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libHOG is a library that computes Histogram of Oriented Gradient feature pyramids. The benefit of libHOG over other HOG implementations is speed. On an Intel i7-3930k 6-core CPU, we measured the following results:

Frame Rate Speedup Energy per frame (Joules)
voc-release5 2.44 fps 1.0x 57.4 J/frame
Dollar 5.88 fps 2.4x 26.4 J/frame
FFLD-serial 4.59 fps 1.9x 29.9 J/frame
FFLD-OpenMP 19.6 fps 8.0x 9.44 J/frame
libHOG (this codebase) 58.8 fps 24.1x 3.15 J/frame

The output of libHOG is numerically equivalent to the HOG features in the Deformable Model Parts model (voc-release5) codebase, with a 24x speedup. For further speedups (over 70fps), we also offer the option to use L1-norm (instead of the traditional L2-norm) when calculating the gradients. If you find libHOG useful, please consider citing the libHOG paper:

    Author = {Forrest N. Iandola and Matthew W. Moskewicz and Kurt Keutzer},
    Title = {libHOG: Energy-Efficient Histogram of Oriented Gradient Computation},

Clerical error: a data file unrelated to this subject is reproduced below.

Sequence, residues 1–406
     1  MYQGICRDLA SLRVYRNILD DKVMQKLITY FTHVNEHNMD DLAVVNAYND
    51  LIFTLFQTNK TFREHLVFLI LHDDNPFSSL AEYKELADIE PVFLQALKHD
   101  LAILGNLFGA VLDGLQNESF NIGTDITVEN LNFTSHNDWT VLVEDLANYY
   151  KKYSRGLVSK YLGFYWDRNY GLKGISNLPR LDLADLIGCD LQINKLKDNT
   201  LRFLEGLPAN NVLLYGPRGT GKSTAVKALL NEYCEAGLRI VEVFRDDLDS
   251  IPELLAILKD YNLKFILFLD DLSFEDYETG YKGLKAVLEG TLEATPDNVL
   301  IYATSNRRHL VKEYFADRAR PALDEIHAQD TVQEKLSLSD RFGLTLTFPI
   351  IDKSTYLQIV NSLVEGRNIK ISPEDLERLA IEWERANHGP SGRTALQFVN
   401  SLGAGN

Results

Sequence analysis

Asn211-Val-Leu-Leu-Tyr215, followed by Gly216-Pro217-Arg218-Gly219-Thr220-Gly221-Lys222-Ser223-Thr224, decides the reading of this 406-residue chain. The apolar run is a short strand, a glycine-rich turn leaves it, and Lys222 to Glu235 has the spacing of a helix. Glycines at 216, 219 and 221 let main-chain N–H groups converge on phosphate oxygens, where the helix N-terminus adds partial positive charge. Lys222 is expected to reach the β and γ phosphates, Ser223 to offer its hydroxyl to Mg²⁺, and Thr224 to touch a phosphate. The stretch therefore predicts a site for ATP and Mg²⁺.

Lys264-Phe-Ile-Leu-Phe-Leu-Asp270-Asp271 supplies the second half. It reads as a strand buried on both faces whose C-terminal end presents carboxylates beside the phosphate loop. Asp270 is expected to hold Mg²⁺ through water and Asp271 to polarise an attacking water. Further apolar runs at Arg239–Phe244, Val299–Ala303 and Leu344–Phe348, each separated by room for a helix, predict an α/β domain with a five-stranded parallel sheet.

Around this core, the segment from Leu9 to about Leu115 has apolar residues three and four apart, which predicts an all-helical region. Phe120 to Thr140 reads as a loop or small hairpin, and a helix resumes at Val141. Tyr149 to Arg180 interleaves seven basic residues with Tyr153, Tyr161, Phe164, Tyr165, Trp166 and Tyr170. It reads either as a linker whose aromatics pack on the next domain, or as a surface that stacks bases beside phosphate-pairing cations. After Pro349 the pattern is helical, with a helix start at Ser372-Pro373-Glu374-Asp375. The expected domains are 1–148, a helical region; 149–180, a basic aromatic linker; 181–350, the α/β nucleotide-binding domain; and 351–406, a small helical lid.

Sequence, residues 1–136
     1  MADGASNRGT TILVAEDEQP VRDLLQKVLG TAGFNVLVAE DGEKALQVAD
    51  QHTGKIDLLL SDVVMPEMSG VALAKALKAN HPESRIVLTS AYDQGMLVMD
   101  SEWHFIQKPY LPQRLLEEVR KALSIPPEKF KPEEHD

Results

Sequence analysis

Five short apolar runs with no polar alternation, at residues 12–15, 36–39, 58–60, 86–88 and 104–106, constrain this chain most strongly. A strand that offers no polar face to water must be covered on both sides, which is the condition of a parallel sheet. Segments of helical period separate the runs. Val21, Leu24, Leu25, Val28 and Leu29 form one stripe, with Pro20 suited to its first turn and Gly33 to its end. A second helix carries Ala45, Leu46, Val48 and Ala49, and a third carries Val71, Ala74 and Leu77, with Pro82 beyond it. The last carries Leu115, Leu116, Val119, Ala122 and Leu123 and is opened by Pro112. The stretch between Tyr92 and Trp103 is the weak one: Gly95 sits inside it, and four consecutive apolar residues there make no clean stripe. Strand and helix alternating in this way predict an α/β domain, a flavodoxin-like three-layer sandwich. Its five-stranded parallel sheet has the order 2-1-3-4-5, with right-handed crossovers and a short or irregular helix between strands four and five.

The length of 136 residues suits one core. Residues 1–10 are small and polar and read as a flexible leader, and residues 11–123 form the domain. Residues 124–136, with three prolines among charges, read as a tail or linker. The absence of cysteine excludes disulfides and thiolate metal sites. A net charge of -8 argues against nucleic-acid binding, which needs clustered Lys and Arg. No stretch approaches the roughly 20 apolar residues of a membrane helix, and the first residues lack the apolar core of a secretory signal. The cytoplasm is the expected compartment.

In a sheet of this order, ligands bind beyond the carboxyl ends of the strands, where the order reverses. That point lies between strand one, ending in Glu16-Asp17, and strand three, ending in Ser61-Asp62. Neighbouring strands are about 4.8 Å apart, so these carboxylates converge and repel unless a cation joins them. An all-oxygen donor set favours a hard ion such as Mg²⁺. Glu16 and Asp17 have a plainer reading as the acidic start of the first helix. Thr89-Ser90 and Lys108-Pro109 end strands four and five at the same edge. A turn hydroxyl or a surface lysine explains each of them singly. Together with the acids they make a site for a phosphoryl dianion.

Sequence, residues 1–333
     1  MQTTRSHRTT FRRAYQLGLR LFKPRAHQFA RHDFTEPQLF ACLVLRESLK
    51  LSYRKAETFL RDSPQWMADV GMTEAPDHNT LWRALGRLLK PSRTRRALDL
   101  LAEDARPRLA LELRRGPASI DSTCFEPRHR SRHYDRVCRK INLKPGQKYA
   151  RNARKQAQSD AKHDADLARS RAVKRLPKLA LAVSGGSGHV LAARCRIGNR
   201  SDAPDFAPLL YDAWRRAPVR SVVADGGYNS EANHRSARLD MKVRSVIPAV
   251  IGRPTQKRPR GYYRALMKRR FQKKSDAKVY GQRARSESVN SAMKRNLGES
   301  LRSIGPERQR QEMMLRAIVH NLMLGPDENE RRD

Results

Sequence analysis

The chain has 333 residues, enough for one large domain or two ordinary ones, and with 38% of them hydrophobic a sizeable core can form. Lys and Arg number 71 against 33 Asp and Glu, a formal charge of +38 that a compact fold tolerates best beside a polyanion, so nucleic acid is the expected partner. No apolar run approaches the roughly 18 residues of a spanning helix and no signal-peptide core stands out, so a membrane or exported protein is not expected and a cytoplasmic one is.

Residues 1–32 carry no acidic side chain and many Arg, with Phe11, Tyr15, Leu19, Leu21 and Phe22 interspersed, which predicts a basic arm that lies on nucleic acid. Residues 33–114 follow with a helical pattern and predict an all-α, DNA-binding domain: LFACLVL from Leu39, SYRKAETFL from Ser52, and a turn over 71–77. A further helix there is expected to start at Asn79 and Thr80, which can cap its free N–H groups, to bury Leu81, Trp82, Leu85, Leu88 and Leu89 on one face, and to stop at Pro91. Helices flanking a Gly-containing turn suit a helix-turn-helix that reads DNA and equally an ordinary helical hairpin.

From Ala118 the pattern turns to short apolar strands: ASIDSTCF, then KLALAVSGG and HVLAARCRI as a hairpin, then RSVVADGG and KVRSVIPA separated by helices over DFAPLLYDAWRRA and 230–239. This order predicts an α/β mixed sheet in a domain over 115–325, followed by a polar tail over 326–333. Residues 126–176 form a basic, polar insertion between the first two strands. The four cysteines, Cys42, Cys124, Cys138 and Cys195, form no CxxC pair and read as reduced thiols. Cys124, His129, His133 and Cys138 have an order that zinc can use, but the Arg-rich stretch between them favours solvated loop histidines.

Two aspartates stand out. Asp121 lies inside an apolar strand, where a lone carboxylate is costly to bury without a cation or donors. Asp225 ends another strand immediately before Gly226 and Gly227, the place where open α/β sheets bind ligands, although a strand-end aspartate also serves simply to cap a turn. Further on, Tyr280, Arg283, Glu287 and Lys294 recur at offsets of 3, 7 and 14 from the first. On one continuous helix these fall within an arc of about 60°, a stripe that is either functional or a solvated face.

Booktitle = {ITSC},
    Year = {2015}

Getting Started

  1. install OpenCV
  2. point Makefile to OpenCV
  3. mkdir tests_output; mkdir build;
  4. make

basic example on how to use libHOG in C++:

//computing HOG features on my_image.jpg
cv::Mat img = cv::imread("my_image.jpg");
libHOG lHOG();
//HOG pyramid is located here: lHOG.hogBuffer_blocks[scale]
//pyramid dimensions: lHOG.hogHeight[scale], lHOG.hogWidth[scale]
//number of scales: lHOG.hogHeight.size()

see src/libHOG_cli.cpp for an additional example of how to use libHOG

linking your project with libHOG: include libHOG.h, and dynamically link with


fast and energy-efficient computation of HOG features



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